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Re: [css3-background] should radii be capped?

From: Tab Atkins Jr. <jackalmage@gmail.com>
Date: Wed, 22 Jul 2009 10:17:23 -0500
Message-ID: <dd0fbad0907220817p32c6df2fwa9ef3045487c5107@mail.gmail.com>
To: Håkon Wium Lie <howcome@opera.com>
Cc: www-style@w3.org, fantasai <fantasai.lists@inkedblade.net>, Zack Weinberg <zweinberg@mozilla.com>, Maciej Stachowiak <mjs@apple.com>
On Wed, Jul 22, 2009 at 5:41 AM, Håkon Wium Lie<howcome@opera.com> wrote:
> Maciej Stachowiak wrote:
>
>  > I think authors are more likely to want to achieve and preserve a
>  > "rounded rectangle" shape with circle-arc corners, and have that
>  > maintained independent of resizing, than to want to achieve an
>  > elliptical shape and have that maintained independent of resizing. If
>  > the latter use case is actually important, then it may deserve some
>  > special syntax, such as percentage units for border-radius.
>
> Yes, I think the use case is important. And it would fall out
> naturally from % units, when introduced on 'border-radius'. In fact, I
> discovered that this already works in Opera's implementation (which
> isn't publically available yet). Test case and screen shot are here:
>
>  http://people.opera.com/howcome/2009/tests/border-radius9.html
>  http://people.opera.com/howcome/2009/tests/border-radius9.png
>
> Zack Weinberg wrote:
>
>  > As of FF3.5, Mozilla still does support percentages in border-radius,
>  > but the percentages are always interpreted relative to the outer
>  > *width* of the border box, even for the vertical semi-axis of an
>  > ellipse.  This is so we can continue to get circular arcs for
>  > "border-radius: 10%" without messing with the defaulting rules.
>  >
>  > I'd be happy to change that at least somewhat, but I think
>  > "border-radius: 10%" needs to keep doing quarter circles.
>
> So, you'd like for percentage values to always refer to the width?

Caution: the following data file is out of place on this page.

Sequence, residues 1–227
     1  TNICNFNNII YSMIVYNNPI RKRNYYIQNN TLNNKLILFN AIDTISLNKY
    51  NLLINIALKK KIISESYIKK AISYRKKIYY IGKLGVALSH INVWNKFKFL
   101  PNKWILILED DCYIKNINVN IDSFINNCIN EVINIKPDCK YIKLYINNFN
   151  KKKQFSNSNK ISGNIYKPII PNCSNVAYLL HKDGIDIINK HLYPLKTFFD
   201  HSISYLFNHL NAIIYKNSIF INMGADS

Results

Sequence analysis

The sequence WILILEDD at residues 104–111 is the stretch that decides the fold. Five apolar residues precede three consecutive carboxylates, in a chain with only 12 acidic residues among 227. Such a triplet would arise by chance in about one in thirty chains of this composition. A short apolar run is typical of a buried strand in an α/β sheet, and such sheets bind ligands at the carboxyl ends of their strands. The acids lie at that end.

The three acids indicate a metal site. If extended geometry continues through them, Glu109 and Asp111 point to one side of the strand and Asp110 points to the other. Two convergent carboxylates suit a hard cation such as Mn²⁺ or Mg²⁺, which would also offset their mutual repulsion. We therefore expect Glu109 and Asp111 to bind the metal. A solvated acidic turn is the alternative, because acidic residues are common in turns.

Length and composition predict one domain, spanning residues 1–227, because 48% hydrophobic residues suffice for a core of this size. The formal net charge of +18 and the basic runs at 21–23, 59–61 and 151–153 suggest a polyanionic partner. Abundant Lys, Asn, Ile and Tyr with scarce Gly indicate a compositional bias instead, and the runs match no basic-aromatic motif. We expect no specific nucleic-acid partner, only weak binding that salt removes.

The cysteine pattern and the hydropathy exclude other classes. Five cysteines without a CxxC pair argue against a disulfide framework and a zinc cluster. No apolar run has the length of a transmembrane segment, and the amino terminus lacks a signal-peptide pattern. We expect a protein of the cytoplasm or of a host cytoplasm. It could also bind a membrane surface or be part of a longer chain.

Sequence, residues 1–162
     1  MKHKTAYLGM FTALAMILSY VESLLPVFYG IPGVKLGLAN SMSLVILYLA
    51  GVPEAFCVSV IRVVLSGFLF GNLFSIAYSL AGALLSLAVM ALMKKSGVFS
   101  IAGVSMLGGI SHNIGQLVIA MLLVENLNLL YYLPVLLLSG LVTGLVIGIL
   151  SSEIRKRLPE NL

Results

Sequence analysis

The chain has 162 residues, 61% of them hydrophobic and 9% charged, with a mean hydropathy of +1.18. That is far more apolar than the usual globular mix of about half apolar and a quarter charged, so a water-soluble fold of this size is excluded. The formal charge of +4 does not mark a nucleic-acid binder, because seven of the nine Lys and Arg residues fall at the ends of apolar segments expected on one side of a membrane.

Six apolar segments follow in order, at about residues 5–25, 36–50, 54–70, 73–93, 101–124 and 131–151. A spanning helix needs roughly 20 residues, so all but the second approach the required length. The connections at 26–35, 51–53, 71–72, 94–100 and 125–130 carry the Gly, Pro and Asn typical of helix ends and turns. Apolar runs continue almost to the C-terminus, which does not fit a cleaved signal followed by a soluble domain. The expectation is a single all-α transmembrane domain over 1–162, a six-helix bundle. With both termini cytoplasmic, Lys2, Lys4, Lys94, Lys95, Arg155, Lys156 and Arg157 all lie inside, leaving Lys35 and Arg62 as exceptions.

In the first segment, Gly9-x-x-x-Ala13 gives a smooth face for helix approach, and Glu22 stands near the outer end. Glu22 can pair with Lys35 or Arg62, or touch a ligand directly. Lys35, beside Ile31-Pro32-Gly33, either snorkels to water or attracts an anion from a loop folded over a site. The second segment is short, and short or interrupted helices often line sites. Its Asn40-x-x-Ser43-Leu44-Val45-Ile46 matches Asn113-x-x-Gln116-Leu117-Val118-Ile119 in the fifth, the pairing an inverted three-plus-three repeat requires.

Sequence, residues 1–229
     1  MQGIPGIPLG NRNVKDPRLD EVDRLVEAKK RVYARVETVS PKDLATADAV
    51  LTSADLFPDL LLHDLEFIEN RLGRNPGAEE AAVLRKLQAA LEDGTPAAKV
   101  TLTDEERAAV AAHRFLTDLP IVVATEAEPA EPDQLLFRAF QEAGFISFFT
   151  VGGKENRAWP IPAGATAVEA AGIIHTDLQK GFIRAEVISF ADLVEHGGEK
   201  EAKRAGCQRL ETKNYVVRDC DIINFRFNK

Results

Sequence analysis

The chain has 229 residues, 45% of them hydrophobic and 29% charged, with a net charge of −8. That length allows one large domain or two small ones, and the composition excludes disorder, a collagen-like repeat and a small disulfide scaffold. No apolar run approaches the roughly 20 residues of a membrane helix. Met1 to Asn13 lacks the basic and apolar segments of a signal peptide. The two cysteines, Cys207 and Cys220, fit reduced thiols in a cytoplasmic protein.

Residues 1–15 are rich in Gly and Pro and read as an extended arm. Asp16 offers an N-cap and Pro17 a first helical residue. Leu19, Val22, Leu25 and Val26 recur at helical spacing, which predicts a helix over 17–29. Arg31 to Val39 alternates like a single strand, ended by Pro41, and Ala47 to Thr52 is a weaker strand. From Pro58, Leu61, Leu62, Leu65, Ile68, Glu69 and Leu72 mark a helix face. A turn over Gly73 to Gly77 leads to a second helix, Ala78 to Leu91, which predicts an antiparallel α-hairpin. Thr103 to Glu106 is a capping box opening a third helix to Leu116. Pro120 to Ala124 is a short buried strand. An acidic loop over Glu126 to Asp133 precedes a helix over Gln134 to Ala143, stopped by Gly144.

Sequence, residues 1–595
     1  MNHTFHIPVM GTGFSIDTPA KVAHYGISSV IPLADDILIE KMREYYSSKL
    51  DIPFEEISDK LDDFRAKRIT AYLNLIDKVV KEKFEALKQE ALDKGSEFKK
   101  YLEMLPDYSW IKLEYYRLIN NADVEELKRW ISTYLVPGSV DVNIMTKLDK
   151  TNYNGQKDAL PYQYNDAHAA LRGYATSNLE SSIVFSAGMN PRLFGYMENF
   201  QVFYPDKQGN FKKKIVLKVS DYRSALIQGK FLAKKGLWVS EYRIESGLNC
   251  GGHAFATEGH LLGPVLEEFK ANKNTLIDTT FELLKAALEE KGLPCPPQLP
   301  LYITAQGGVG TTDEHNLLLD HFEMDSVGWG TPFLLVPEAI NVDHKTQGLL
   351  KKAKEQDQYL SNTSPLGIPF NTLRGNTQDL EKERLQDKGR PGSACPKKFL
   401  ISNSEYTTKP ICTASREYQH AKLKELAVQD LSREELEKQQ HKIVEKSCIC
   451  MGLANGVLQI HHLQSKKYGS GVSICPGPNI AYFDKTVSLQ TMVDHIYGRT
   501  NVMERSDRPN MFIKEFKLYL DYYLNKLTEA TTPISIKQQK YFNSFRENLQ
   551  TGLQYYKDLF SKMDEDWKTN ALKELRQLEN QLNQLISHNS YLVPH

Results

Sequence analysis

>
> This, alas, seems incompatible with the request for ellipsis.
>
> I can see four possible solutions:
>
> 1) We introduce % units and specify that percentages refer to width
>   /or/ height. This makes 'border-radius: 50%' become an ellipsis.
>
>   The syntax seems natural, but percentage units would not guarantee
>   shape.
>
> 2) We introduce % units, but only 'border-radius: 50%' gives you an
>   ellipsis. 'border-radius: 49%' would not.
>
>   This is probably not a good solution, as roundoff errors could
>   create interoperability issues.
>
> 3) We introduce a keyword, e.g., 'border-radius: ellipse'.
>
> 4) We allow the '/' in the syntax to act as a switch:
>
>     border-radius: 50%;         /* refers to width of element */
>     border-radius: 50% / 50%;   /* refers to width/height of element */
>
>   This is probably overloading the '/' notation.
>
> My preference is for 1. There are other ways to guarantee shape (use
> pixels, ems etc). But, it seems that Mozilla would have to change.
>
> 3 would also work.

I really hate #2, and dislike #4.

To determine what my feelings were on #1 and #3, I played with FF's
support for % in border-radius.  After a bit of resizing my browser
window and watching the pretty corners change size, I think I can
firmly state that FF's behavior is *not* what I would generally want.

In a normal situation, I tune the size of the box corners to an
attractive level based on the box.  While the size of the box may have
some effect on my decision, much more important is the contents and
visual nature of the box - a more playful box might have larger
corners, while a more mundane one that I'm just trying to spruce up a
bit might be given a basic 5px or so radius.  The actual box size is
more important only in what I *intend* the box to look like - I
reasonably tend to reserve large corners for larger boxes.

If I *do* want a box's corners to depend strongly on the size of the
box, it's feels like it would only be in the situation where I know
that a box can vary wildly and unpredictably in size, and I just want
to ensure that the corners don't end up looking dumb.  In this case
maintaining absolute shape isn't as important as maintaining
*relative* shape.

So in conclusion, I believe that in my work I would be best served by
% units that scale with the side's length (that is, by the width *or*
height depending).  This can on occasion produce slightly unattractive
results (a box that I intend to be fairly squareish ends up very wide
and short, frex, resulting in a long curve on the corner), but it's
not overly bad.  It also happens to support the ellipse case, which is
interesting enough to warrant supporting *somehow*.

Support for #1, then.

~TJ
Received on Wednesday, 22 July 2009 15:18:24 GMT

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